With a population of just under one billion people in Africa, most of these people, some from some of the world’s poorest countries such as Niger and Malawi, are accessing financial services for the first time.
According to Zain, which is currently operational in a dozen African countries, its new Zap service makes it the world’s biggest mobile commerce operator in terms of geographic coverage, service functionalities and connected subscribers. Aside from cash transfers, the new service from Zain allows its subscribers to perform a series of other financial transactions from their cell phones that include paying for their utility bills.
According to Zain, Zap is an integral part of Zain's pioneering One Network platform, which means that its customers from one country will be able to enjoy the same services when traveling to another country with a Zain network. The One Network platform offered by Zain allows its customers to cross geographic borders without any roaming surcharges while they can make calls and text at local rates at the same time.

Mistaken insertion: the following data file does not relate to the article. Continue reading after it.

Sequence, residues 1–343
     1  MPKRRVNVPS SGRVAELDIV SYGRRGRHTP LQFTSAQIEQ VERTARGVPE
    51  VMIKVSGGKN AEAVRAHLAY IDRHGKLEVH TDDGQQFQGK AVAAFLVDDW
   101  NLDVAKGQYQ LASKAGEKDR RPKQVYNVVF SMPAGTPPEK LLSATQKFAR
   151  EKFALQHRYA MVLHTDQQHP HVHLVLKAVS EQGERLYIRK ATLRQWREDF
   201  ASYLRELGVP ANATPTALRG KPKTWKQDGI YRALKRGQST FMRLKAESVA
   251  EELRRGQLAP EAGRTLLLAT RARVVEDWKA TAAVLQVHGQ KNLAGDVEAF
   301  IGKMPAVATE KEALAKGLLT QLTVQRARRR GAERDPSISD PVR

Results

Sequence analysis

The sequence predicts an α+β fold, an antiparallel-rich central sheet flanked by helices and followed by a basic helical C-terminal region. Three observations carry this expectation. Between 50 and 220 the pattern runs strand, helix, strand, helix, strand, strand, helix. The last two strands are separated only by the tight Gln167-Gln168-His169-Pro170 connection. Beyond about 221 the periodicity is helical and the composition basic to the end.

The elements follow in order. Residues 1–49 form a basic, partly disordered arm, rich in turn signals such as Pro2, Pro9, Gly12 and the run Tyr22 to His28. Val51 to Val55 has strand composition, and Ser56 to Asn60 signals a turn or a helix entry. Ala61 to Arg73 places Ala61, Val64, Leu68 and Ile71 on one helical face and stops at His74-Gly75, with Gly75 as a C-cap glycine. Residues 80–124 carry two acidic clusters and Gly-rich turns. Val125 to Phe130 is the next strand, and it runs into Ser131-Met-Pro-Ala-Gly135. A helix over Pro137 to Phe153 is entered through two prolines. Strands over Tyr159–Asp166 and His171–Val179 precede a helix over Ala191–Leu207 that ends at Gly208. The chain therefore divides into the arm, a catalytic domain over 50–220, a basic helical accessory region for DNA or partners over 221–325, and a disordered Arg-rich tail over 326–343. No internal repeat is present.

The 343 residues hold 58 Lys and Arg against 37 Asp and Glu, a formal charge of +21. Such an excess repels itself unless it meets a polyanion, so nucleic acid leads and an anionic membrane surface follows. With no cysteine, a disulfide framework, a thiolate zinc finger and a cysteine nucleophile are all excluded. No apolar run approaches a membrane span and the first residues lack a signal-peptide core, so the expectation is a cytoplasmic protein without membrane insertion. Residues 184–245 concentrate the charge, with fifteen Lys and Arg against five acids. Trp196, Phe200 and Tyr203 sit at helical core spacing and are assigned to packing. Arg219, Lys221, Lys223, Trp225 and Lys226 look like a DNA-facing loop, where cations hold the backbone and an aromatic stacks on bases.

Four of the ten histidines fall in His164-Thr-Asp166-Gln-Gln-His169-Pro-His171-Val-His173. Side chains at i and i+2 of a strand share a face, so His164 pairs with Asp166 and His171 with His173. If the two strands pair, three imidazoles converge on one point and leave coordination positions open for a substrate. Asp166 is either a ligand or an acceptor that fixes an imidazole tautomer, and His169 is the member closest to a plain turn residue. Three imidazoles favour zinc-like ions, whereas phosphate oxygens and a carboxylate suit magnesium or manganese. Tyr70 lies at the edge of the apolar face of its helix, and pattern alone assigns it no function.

It is, therefore, an indubitable fact that the ability to pay for goods and services, without necessarily carrying hard cash is universally appealing, more so in Africa where crime rates are high. This remains one of the main reasons why mobile banking is such an appealing proposition in Africa and why the continent leads the rest of the world in embracing mobile telephony commerce (m-commerce).
And with the millions of unbanked Africans seeking alternative financial service avenues, all indications point to the mobile phone in their hands as their most probable bank account. Simply put, mobile companies in Africa will double up as commercial banks for the poor.